From 50 original contenders, the Oro Valley’s Got Talent inaugural run recently narrowed the pool to the 10 most entertaining, skillful and chipmunk-voiced members of the local community. 

Gathering into the Gaslight Music Hall on a monsoon-soaked Sunday night, the finalists competed for $1,750 in total prize money (plus plenty of bragging rights). 

The evening featured the season’s three recurring judges: Tucson Local Media’s Logan Burtch-Buus, 106.3 FM’s Krystal Pino, and Tina Jennings, formerly on The Morning Blend. The finale featured special celebrity guest, TV director and nephew of the legendary Gene Kelly, Michael Kelly. 

While the judges provided constructive feedback to the finalists and filled out score sheets, the fate of the 10 acts also sat in the hand of Gaslight Music Hall Producer Robert Shaw who carried a decibel meter measuring the audience’s cheering. Each act also played two performances.

First to the stage was Quadrant 44, a rock band whose original members’ ages collectively add up to—you guessed it—44. The now five-piece of 11-year-olds founded their band during an elementary school lunch period, and have rocked out ever since. 

Their first performance covered AC/DC’s “It’s A Long Way to the Top (If You Wanna Rock n’ Roll),” and their second covered Metallica’s “Enter Sandman.” The judges praised the kids’ high energy, song choices and general rambunctious attitude. Decibel score: 83. 

Taking music in another direction, the second performer was comedy folk-singer Brian Newman. Onstage, he dressed like he was recently in a car accident. 

“This is as cute as I get,” Newman said. 

The attire matched his song, lamenting the woes of his significant other who cannot drive very well. His second song, played with a T-bone steak designed guitar, told the story of a vegan struggling to get food in the South. The judges admired his humor, but suggested he commit to the costumes more. Decibel score: 84. A new high score! 

At only 11 years old, the third performer, Liana Sims, danced to a variety of music, including hip hop, funk and pop. The judges were amazed at the athletic abilities in her dancing, especially over multiple genres. Decibel score: 82. 

“I’m pretty sure you moved more in 12 bars than I did in a whole week,” Shaw said after Sims’ first performance. 

Lauren Lawson, 15, is a singer/songwriter with more talent than her age would indicate. As the fourth performer, she sang an original song and then a cover of “Beyond” by Leon Bridges. The judges applauded her songwriting ability at such a young age. Decibel score: 82. 

“I can tell you have a lot of heart when you sing,” Kelly said. 

Ever the wildcard, fifth in line was Susan Damron, who made it through the season by doing comedic chipmunk impressions. However, for the finals she switched it up and sang “Pour Me” by Trick Pony. Although the Western vibes worked well with the Gaslight Theatre, the switch-up confused the judges. Damron corrected this by switching back to the chipmunk routine for her second performance. Decibel score: 80.

“I don’t even know what to expect from you anymore,” Shaw said. “But it’s going to be fun.” 

Possibly the most unique performer of the night was number six, clogger Katie Popiel. Her dancing added polyrhythms over the music, at first classical and then “Hollaback Girl” by Gwen Stefani. The judges praised her presentation and energy. Decibel score: 82.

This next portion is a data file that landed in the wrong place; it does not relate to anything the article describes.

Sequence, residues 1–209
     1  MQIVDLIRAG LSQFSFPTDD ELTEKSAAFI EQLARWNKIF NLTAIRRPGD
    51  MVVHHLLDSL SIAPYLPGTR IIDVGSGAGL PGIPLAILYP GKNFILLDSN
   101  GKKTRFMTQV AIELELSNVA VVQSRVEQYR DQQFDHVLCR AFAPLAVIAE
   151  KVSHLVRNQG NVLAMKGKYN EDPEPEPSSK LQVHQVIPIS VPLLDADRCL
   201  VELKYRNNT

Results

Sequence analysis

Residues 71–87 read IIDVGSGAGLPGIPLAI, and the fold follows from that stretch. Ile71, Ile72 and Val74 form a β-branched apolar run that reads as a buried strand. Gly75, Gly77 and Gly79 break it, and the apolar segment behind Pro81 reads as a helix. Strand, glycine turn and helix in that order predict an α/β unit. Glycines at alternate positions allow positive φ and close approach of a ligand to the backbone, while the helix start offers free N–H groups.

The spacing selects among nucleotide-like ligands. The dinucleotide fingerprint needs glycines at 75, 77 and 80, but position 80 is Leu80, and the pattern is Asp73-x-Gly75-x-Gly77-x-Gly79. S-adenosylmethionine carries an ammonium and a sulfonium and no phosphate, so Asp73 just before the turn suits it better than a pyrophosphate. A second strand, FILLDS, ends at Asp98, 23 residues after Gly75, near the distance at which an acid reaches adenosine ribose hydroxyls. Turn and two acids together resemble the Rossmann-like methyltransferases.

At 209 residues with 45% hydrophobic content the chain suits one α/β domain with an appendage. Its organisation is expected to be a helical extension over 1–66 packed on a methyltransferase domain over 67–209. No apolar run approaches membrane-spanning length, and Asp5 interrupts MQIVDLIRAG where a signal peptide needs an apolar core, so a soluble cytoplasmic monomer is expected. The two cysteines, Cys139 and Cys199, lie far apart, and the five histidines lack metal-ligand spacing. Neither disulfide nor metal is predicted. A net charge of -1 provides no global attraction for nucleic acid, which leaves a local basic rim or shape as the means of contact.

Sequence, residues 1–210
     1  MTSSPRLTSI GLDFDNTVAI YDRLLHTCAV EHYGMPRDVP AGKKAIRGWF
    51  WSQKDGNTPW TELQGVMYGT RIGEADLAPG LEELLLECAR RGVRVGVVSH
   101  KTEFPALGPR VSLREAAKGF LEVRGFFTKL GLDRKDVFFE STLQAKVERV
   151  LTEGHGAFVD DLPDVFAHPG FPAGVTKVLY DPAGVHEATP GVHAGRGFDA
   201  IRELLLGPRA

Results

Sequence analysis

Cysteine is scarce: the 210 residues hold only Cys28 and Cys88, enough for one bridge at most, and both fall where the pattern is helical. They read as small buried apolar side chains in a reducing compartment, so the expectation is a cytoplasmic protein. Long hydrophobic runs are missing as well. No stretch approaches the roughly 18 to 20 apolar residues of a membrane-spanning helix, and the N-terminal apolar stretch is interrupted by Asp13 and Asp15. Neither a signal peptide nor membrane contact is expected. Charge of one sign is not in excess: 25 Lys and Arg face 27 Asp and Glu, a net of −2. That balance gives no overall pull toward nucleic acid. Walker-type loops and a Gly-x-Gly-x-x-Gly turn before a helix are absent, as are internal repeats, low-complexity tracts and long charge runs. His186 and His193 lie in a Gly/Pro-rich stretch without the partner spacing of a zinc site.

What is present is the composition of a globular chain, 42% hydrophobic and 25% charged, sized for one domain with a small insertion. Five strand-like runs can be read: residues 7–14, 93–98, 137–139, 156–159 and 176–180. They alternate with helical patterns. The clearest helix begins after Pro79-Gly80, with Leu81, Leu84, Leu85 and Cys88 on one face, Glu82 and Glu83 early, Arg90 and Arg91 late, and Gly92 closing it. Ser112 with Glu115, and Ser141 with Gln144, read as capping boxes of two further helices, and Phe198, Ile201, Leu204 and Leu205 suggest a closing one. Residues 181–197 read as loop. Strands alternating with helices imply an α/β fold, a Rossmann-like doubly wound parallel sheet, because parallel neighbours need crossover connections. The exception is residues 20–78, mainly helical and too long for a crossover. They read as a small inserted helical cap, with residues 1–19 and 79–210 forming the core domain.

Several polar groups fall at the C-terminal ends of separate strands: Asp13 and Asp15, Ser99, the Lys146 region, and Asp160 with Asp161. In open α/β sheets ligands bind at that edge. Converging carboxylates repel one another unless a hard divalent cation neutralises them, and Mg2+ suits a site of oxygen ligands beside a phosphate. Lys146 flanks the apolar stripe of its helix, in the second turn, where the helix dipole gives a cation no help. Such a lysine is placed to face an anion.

“I wish there was a microphone on your shoes,” Pino said. “Your calves must be killing you!” 

The seventh performer, Megan Arkley, shared the personal relationship she had to each song before she sang them: “I’m Alive” by Becca and “The Phoenix” by Fall Out Boy. Arkley gave messages of hope and had the audience clapping along. Decibel score: 83. 

“I look forward to seeing you on the stage more often,” Pino said. “Because that’s where you belong.” 

Rhiannon Wilson, 14, experienced the largest change in quality between her two sessions. The eighth performer’s first folk song, a cover of Sugarland’s “Stuck Like Glue” was hindered by nerves, which the judges picked up on. But her second song, a deeply personal original track about her family, caught the judges’ attention and praise. Decibel score: 81. 

“You’re not just a singer, you’re a songwriter.” Burtch-Buus said. “And you should be proud of that.” 

The youngest performer of the night was ninth in turn: dancer Peighton Rolfe, 9. Taking over a dozen dance classes a week, Rolfe mixed her styles between ballet, gymnastics and even contortionism at times. Decibel score: 82.

“I’m never gonna need to give you a tip about your energy,” Kelly said. 

The night’s final performer was singer Carissa Corona. The mother of three sang a cover of “Tennessee Whiskey” for her first song, and then sang a dedication to her daughter. The judges lauded her powerful vocals, stage confidence and the sweetness of a mother-daughter song. Decibel score: 83. 

“I wish I could bottle that confidence,” Jennings said. “I’ve never said this to another woman, but thank you for ruining my makeup, because I was crying during that.” 

The end of the show gathered all the performers on stage for a final applause, and then the moment of truth came. 

In third place, receiving $250: Quadrant 44. In second place, receiving $500: Katie Popiel. And finally, the grand winner of Oro Valley’s Got Talent 2018, and the winner of $1000: Carissa Corona. 

“I never expected to win,” Corona said. “I didn’t think the song with my daughter would be the strongest, but I guess people really liked it.” 

Corona’s daughter was also a contestant for Oro Valley’s Got Talent, and Corona decided to sing for her so she could get back on stage for the finals round. As for the victory money: 

“I have three kids,” Corona said. “So, sadly, I’m going to be responsible with it.” 

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